November 14, 2019
Miami can fire cop, state appeals court rules — but it’s not because of links to murder case

Adrian Rodriguez, a Miami cop who has spent the past six years thwarting police department attempts to fire him after he was implicated in a murder, lost a major legal battle Wednesday when a state appeals court ruled the department had the power to toss him off the force for refusing to submit to a drug test. 

Implicated in the shooting death of a former U.S. Marine during a robbery at a mobile phone store where he worked almost a decade ago, Rodriguez had successfully fought off a string of arbitration and court proceedings since his initial firing in 2016 when he clammed up after detectives tried to interview him. 

On Wednesday, the Third District Court of Appeal ruled that a lower court was correct when it determined the city had the right to fire Rodriguez last August after he refused to submit a urinalysis. Rodriguez had asked that the City of Miami be found in contempt for violating his arbitration agreement which reinstated him after his initial firing. The City of Miami argued it couldn’t reinstate the officer without a drug test because his training requirements had lapsed in 2017 after he’d been separated from the department for more than six months. 

Simply, after six years of being unable to fire the officer for his alleged involvement in a murder, Miami was finally told it had the right to remove Rodriguez because he refused to pee into a cup. 

“The judge made the right decision,” said Miami Deputy Police Chief Ron Papier. “He was a City of Miami police officer who refused to cooperate on a homicide investigation.” 

Rodriguez’s attorney Eugene Gibbons said his clients fight for reinstatement wasn’t over “by a long shot.” The attorney said Rodriguez will first re-petition the court in hopes it gives the contempt claim against the city a second look. And if that fails they intend to once again go to arbitration over the officer’s firing last August.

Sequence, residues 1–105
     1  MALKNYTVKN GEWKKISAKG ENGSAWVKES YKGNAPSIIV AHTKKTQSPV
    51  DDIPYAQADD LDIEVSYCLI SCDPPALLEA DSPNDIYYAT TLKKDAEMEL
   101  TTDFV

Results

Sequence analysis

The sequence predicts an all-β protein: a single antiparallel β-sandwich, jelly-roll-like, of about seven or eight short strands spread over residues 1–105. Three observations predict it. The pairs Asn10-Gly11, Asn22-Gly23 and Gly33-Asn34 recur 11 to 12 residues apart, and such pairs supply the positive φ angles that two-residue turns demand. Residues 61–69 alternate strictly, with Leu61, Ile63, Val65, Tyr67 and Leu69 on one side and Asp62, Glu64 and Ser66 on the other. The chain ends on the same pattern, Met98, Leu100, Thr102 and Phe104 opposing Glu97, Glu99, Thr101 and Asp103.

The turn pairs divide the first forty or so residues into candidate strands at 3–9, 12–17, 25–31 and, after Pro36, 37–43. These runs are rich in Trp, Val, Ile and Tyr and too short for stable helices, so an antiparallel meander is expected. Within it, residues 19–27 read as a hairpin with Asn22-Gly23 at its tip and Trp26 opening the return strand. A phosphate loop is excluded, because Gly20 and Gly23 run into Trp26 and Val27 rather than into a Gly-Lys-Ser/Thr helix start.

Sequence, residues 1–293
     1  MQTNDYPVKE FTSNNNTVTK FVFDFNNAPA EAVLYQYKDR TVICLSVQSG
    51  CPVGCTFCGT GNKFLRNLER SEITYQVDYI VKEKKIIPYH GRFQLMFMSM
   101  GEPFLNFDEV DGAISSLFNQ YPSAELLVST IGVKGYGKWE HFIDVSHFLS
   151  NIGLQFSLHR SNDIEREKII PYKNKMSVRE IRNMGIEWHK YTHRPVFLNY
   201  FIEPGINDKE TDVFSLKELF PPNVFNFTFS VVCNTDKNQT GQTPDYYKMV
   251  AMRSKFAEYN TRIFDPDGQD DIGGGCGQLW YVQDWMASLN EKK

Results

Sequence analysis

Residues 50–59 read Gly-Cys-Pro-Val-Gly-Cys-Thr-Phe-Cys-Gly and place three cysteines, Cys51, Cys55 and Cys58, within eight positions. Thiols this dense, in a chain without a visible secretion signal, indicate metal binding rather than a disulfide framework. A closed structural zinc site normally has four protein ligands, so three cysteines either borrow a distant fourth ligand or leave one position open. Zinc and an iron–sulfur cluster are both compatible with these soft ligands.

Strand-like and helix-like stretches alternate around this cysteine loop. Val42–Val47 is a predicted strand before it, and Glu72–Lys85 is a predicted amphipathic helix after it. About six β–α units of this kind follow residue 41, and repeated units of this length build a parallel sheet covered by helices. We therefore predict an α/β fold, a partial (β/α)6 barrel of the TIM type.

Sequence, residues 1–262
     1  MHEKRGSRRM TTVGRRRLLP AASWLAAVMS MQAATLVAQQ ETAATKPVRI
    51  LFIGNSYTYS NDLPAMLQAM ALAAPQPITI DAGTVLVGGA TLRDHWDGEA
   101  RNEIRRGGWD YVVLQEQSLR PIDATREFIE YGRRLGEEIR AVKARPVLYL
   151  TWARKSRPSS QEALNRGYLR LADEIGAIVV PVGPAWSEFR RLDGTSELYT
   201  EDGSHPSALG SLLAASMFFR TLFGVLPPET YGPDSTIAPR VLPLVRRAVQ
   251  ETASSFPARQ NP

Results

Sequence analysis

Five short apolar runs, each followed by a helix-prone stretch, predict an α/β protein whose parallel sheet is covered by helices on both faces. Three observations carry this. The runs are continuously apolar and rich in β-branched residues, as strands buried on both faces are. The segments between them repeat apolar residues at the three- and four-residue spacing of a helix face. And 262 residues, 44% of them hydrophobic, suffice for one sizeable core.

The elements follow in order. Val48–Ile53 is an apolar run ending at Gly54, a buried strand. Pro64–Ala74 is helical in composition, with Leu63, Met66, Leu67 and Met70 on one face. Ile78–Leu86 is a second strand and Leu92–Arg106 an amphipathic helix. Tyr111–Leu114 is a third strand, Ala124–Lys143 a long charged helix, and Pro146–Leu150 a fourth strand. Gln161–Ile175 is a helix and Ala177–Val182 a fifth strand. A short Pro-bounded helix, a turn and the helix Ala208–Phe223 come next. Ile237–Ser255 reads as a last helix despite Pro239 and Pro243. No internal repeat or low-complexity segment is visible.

“He’s entitled to a hearing and review on that,” said Gibbons. “I’m extremely disappointed in the court’s ruling.” 

Rodriguez was an employee at an Allapattah MetroPCS store in 2007 when store manager Yosbel Millares, a former U.S. Marine who was about to become a father, was shot to death. He was killed in the parking lot of the store while he was on his way to deposit money. Homicide detectives never believed the store was randomly targeted. Rodriguez was interviewed the day of the shooting but was not suspected of being involved.

Rodriguez became a City of Miami police officer a year later. By 2010, he was implicated in the murder when detectives learned from Kissimmee police that Rodriguez’s brother had confided to a friend in jail details about the crime that were unknown to the public. Included in those details was the alleged involvement of Rodriguez and his father Norberto Rodriguez. The call to the jailhouse was recorded by police. 

When detectives tried to interview Rodriguez in 2013 about his father’s involvement in the murder, the officer invoked his Fifth Amendment right against self incrimination. He was fired in 2016, but won a series of arbitration and court hearings that allowed for his reinstatement, including one last August by the very same court of appeals that may have ended his policing career this week. 

In that ruling, the court upheld an arbiter’s determination that Rodriguez was well within his rights to invoke the Fifth Amendment. After the ruling, the city fired Rodriguez again for failing to submit a urine test. Almost immediately, Rodriguez and his attorney Gibbons filed a motion to hold Police Chief Jorge Colina and the city in contempt for the firing. It was that firing that the Third DCA upheld Wednesday. 

Adrian Rodriguez

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